RELEASE: Military Leaders Applaud Quadrennial Defense Review’s Approach to Climate Change
Washington, D.C. — The Center for Climate and Security (CCS), a policy institute with an Advisory Board of retired senior military officers and national security experts, applauds the U.S. Department of Defense’s recently-released 2014 Quadrennial Defense Review (QDR), which includes considerable attention to the national security risks of a changing climate. Retired four-star Air Force General Ronald Keys, Advisory Board member at CCS, stated: “Just as you would expect, DoD continues to focus on action. Assess the threat, prepare for the consequences, mitigate the risks, and bottom-line: support the mission.”
CCS Advisory Board member Brigadier General John Adams, United States Army (ret), added: “DoD’s 2014 Quadrennial Defense Review appropriately emphasizes the national security implications of climate change, and charts a logical course to address the impacts of climate change on the operating environment and our defense installations.” CCS Advisory Board member Rear Admiral David W. Titley, United States Navy (ret) stated: “The 2014 Department of Defense Quadrennial Defense Review got it right with respect to climate change. It correctly links climate change to energy, water and food security, rising sea levels, and addresses climate change as one of the primary global dynamics of the 21st century. This is the adult way to think about climate change.”
Echoing the QDR’s assessment of threats to military installations, CCS Advisory Board member Lieutenant General John G. Castellaw, U.S. Marine Corps (ret), noted: “The future is likely to bring us more floods, more droughts, and more severe and rarely-experienced weather events – events that will threaten to inundate our coastal towns, cities and naval bases with seawater.” He continued: “While the U.S. Congress is still locked in a partisan debate over climate change, the U.S. military is already taking a proactive approach to this national security threat.”
CCS Advisory Board member Sherri Goodman, former Deputy Undersecretary of Defense for Environmental Security, concludes: “Secretary Hagel and his team recognize clearly that climate change is a threat multiplier, a concept first articulated by the CNA Military Advisory Board in 2007. The QDR is clear that we need to prepare today to reduce risk to our forces tomorrow and to ensure DOD’s infrastructure and installations are resilient to rising sea levels and accelerating severe weather patterns.”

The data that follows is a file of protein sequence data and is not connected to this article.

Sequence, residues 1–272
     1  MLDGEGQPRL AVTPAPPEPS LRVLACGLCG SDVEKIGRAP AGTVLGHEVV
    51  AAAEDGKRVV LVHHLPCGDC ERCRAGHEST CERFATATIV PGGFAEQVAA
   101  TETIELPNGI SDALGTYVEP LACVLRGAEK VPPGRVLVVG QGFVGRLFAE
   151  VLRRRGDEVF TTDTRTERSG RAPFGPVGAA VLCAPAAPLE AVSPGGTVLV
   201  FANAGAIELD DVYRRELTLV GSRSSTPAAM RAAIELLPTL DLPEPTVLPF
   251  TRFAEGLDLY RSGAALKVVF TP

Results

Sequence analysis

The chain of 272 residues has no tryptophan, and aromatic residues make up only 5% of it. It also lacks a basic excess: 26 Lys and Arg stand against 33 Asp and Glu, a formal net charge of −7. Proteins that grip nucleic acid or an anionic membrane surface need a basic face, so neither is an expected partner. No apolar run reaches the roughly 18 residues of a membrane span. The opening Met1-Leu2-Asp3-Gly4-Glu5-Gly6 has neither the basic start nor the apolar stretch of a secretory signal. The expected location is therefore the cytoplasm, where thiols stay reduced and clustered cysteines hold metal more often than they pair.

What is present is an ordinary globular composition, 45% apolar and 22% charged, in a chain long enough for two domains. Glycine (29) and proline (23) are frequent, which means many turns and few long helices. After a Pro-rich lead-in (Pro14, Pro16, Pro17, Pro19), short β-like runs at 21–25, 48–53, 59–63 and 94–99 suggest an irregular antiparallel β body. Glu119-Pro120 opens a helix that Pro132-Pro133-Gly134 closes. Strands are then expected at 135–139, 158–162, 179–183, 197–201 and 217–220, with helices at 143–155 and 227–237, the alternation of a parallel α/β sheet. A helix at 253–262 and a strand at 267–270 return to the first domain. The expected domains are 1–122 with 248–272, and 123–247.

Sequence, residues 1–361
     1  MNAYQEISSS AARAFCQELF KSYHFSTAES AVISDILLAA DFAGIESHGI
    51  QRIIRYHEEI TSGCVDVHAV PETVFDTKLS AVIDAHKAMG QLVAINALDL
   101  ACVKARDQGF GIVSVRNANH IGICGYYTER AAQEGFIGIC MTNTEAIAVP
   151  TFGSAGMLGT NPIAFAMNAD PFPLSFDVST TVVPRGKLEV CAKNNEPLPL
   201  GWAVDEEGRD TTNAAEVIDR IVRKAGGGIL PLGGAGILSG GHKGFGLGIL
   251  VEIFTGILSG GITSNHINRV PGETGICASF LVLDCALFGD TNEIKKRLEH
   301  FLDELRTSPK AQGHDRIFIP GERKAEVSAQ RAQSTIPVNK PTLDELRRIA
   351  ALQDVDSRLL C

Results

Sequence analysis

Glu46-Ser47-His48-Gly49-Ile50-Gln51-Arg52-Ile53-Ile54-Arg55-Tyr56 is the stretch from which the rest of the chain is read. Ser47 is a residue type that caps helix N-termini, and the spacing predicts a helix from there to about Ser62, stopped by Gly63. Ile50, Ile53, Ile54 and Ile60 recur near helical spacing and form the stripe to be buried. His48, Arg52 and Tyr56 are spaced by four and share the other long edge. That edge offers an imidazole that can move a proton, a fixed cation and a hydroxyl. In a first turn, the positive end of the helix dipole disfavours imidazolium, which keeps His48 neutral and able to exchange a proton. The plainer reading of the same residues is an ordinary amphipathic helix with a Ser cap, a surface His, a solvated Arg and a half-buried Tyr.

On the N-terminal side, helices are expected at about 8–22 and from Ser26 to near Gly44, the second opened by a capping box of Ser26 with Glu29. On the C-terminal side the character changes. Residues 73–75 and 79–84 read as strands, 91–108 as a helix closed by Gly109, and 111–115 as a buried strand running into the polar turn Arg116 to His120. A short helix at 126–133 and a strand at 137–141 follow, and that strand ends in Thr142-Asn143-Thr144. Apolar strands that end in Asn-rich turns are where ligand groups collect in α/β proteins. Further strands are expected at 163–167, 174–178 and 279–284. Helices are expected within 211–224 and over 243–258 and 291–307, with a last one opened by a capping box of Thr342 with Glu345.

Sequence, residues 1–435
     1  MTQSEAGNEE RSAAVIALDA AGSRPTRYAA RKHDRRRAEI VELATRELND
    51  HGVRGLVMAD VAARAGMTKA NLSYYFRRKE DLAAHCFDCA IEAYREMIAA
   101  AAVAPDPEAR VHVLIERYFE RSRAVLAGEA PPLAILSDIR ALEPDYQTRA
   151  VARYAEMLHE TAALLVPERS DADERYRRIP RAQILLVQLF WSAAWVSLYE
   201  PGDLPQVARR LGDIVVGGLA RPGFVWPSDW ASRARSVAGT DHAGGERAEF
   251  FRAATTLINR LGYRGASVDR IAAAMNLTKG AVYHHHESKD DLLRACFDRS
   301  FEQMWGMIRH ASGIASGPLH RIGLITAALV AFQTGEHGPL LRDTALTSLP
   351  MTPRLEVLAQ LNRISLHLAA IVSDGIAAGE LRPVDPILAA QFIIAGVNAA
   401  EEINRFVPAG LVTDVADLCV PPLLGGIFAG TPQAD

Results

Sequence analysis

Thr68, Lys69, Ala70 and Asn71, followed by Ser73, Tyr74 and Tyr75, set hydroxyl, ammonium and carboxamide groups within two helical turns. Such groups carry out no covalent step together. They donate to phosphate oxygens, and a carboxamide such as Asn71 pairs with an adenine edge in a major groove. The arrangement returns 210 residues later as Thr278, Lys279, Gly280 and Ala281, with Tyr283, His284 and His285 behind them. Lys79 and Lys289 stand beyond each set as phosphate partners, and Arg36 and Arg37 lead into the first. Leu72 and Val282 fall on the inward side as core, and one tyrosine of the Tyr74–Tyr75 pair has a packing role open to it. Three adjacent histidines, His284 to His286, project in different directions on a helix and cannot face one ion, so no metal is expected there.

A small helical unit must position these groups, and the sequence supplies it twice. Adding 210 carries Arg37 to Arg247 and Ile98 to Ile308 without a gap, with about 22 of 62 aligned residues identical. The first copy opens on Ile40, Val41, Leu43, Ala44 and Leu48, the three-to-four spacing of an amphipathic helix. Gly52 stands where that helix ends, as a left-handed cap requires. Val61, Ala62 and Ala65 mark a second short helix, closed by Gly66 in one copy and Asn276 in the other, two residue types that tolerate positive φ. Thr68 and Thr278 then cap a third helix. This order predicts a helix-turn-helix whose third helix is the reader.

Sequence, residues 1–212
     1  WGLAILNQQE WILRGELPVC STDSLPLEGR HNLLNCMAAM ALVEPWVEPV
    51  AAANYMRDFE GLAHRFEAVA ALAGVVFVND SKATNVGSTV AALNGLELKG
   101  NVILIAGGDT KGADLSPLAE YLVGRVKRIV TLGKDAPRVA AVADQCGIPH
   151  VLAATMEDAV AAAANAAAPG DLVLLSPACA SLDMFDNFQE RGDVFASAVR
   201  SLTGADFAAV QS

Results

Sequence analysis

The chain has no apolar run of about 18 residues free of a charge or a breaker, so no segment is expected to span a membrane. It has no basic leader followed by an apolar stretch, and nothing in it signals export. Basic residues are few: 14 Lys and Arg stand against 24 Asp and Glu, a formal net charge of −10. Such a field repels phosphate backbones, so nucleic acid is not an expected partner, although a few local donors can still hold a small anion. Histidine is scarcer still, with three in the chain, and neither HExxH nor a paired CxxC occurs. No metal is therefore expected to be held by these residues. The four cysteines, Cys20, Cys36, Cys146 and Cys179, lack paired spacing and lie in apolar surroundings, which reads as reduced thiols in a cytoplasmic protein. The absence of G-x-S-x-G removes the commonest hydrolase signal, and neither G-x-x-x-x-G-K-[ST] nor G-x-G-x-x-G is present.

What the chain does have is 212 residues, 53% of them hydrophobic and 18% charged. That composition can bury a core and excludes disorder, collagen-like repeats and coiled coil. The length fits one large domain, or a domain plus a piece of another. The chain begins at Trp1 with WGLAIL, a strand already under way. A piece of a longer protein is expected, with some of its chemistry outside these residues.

Military experts contend that climate change is likely to make other security risks worse, interacting in a mosaic of threats to U.S. national security. As the QDR states:
The pressures caused by climate change will influence resource competition while placing additional burdens on economies, societies, and governance institutions around the world. These effects are threat multipliers that will aggravate stressors abroad such as poverty, environmental degradation, political instability, and social tensions – conditions that can enable terrorist activity and other forms of violence.
CCS applauds the Department of Defense for continuing to address the national security risks of a changing climate, and calls on U.S. policy-makers to follow the U.S. military’s lead.
Read the 2014 QDR: http://www.defense.gov/pubs/2014_Quadrennial_Defense_Review.pdf
Read a CCS summary of the climate change sections of the QDR: http://climateandsecurity.org/2014/03/04/climate-change-and-national-security-in-the-2014-quadrennial-defense-review/
To speak with a CCS expert and/or Advisory Board member on this topic contact Francesco Femia at email@example.com.
Related material: For the U.S. military, climate change is not political. The U.S. military has been planning for climate change impacts from as early as 2003, as expressed in this collection of documents.
You – well done , focusing on the military. They are acutely sensitive to the dangers and threats for a long time in the subject of climate change. Once again, it is advisable to focus not on the training infrastructure for the dangerous consequences of climate change , but on stabilizing the climate and the reduction of existing risks to a minimum. IMHO, it is advisable to draw Sandia National Laboratories ( they – perhaps in the subject ) work to establish a climate stabilization technology . Last week I tried to ” swing ” model ( for the North Atlantic and Asia-Pacific regions ) in relation to Australia, New Zealand , the southern and western parts of the Pacific Ocean. However , positive results – not yet , as having problems getting reliable baseline data for the model. Especially in the South Pacific – a very complex and transient circuit currents and the powerful influence of the properties of Antarctica , are heavily dependent on the seasons.